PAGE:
Chinese scientists identified bubbles from some hydrothermal vents in the western Pacific Ocean as supercritical carbon dioxide, and this is the first time that natural supercritical carbon dioxide has been discovered on Earth.
A team from the Institute of Oceanology of the Chinese Academy of Sciences (CAS) and the Center for Ocean Mega-Science of CAS discovered the natural supercritical carbon dioxide at the depth of 1,400 meters in seawater during an investigation conducted in 2016 through a homegrown deep-sea in situ Raman detection instrument.
"Supercritical carbon dioxide is widely used in our daily life and industries, like dry cleaning and petroleum solvents, but this is the first time that the natural presence of the supercritical carbon dioxide was discovered," said Zhang Xin, a researcher of the institute.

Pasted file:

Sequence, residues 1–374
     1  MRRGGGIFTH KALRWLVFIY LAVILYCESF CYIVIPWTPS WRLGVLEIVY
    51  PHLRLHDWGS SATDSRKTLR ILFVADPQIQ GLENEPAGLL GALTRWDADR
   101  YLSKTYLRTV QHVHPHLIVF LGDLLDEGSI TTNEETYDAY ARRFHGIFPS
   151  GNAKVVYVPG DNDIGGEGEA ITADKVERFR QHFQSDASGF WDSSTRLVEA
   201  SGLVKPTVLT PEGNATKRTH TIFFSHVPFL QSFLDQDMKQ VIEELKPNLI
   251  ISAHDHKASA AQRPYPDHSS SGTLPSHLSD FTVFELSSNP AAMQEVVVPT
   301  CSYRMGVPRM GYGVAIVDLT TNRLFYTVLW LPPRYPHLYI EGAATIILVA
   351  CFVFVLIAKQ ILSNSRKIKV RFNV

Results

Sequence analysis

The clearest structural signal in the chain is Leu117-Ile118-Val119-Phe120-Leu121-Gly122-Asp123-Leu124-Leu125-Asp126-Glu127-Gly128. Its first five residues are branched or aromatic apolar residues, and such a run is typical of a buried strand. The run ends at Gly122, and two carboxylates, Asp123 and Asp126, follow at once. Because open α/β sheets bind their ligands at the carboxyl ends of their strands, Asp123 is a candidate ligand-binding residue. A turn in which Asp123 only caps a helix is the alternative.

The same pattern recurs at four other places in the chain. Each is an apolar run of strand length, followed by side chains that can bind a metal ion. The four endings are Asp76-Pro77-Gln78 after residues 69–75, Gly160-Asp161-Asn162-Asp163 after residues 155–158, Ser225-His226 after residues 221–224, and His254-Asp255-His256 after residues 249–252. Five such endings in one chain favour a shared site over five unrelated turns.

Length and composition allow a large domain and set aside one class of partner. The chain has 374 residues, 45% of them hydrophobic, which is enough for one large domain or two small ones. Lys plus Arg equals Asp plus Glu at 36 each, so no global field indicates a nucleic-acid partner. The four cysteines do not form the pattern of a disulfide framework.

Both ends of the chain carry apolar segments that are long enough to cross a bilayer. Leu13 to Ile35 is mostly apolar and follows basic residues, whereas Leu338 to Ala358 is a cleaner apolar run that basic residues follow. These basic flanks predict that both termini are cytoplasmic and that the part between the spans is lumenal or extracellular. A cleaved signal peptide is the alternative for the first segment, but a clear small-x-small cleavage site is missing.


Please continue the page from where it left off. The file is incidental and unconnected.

The fluids of supercritical carbon dioxide contain much larger amounts of nitrogen than those in surrounding seawater and vent fluids, indicating that supercritical carbon dioxide enriches nitrogen from the surrounding environment, Zhang said.
Scientists also found unknown organic materials in the fluids. They suggested that supercritical carbon dioxide with high nitrogen could play a significant role in promoting the synthesis, pre-enrichment and preservation of amino acids and other organic matters that are essential to the origin of life.
A paper on the findings has been published on the online version of the journal Science Bulletin.